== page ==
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Showing 1-5 of 9 Abstracts search results

Document: 

SP326-45

Date: 

August 10, 2018

Author(s):

Maurizio Nicolella

Publication:

Symposium Papers

Volume:

326

Abstract:

The goal of this research was to evaluate the behavior over time of mortars obtained from three different types of recycled material, and specifically aimed to obtain thermal insulation plasters.

The typology of samples was identified based on experimentations conducted at the University of Madrid, with 11 different types of specimens made with cement, river sand, expanded clay (with different particle size), recycled XPS (with different particle size), and recycled ceramic remains.

The good results suggested submitting the samples in the laboratory of Building Engineering of the University of Naples Federico II to the following tests: rainfall resistance, thermal shock resistance, accelerated aging resistance in climatic chamber.

In the present paper, the final results, with a preliminary assessment of the suitability for use of these mortars with external coating function in determined climatic contexts, are proposed.


Document: 

SP324_09

Date: 

April 1, 2018

Author(s):

Stefano De Santis, Gianmarco de Felice

Publication:

Symposium Papers

Volume:

324

Abstract:

A shake table investigation was carried out on a full-scale U-shaped masonry assemblage to study the effectiveness of Steel Reinforced Grout (SRG) for the improvement of the out-of-plane seismic capacity of masonry walls. Natural accelerograms were applied with increasing scale factor up to failure. A first session of tests was performed on the unreinforced specimen, that collapsed by out-of-plane overturning. Steel tie bars were then installed to prevent overturning. In this case, severe damage developed due to bending. Finally, the wall was retrofitted with horizontal strips of Ultra High Tensile Strength Steel cords, externally bonded to the masonry with lime based mortar, and steel connectors. SRG led to a significant improvement of the seismic capacity, strongly limited damage development, and entailed small modifications of the dynamic properties of the specimen. Since the reinforcement had a thickness of less than 10mm, it is suitable for applications within the plaster layer during the maintenance work of the façades without modifying their appearance.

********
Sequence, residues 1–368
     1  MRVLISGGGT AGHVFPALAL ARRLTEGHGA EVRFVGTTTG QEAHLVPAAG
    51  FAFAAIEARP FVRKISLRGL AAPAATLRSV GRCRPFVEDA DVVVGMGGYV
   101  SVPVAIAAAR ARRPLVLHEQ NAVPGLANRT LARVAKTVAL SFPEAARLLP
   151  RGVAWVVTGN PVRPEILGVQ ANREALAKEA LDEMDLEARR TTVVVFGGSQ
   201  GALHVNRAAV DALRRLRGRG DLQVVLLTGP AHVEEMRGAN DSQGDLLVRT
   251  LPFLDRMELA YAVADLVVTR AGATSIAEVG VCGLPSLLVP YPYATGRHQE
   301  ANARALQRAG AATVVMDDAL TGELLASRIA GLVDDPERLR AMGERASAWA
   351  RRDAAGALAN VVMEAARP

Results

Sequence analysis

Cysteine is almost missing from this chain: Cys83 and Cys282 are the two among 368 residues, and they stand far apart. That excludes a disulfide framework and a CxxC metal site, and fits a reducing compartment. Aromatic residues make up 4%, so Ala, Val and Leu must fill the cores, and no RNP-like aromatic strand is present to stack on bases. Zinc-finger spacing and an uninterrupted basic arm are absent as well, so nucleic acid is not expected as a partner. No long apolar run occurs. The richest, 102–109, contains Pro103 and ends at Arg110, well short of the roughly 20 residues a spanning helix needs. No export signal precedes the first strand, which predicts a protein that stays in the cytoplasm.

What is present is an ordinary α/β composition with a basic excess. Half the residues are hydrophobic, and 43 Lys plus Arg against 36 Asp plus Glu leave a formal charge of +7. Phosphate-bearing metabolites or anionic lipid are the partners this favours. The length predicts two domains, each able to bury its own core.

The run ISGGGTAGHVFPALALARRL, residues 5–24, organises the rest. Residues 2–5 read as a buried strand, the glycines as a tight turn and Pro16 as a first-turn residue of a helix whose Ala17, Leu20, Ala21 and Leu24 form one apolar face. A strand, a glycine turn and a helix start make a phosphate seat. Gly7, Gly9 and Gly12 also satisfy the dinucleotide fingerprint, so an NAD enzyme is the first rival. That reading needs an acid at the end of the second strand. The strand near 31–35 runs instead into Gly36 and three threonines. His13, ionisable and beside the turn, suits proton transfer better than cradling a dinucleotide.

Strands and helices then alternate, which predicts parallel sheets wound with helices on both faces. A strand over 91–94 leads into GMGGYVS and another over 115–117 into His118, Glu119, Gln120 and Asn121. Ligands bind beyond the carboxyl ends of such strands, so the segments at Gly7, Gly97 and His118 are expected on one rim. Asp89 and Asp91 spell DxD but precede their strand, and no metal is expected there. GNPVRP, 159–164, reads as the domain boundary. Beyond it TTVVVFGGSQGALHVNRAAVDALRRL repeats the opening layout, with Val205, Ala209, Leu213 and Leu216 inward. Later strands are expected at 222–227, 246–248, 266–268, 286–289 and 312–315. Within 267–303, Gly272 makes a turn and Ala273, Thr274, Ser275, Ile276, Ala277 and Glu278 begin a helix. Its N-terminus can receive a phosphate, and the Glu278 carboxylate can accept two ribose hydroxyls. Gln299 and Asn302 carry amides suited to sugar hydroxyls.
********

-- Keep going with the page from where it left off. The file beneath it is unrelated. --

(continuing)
Document: 

SP173-34

Date: 

September 1, 1997

Author(s):

M. Collepardi

Publication:

Symposium Papers

Volume:

173

Abstract:

When the historical buildings of the Republic of Venice were erected all the construction materials and the corresponding techniques were always carefully selected. Even at that time architects were aware of the importance of the durability of buildings in a very hostile environment such as that existing in Venice characterized by permanent humid air and capillary rise of salty water from the foundations. In particular cementitious materials were adopted in agreement with the empirical rules of the Romans’ experience and adapted for the particular Venetian environment. The present paper examines two specific cementitious materials which became very popular throughout the world: the stucco plaster and the terrazzo concrete. At the time of the Republic of Venice, chemical admixtures were not available. Therefore, masonry artisans and architects developed a special know-how to manufacture durable materials. This was based on the use of mineral admixtures and natural substances, the invention of innovative binders and the development of special application techniques. After the advent of portland cement and especially of chemical admixtures, modem stucco plaster and terrazzo concrete can be produced with different (not necessarily better) properties and at higher rates of productivity. The present paper examines the microstructural aspect, the composition, the performance, and the manufacturing process of the original and modem materials.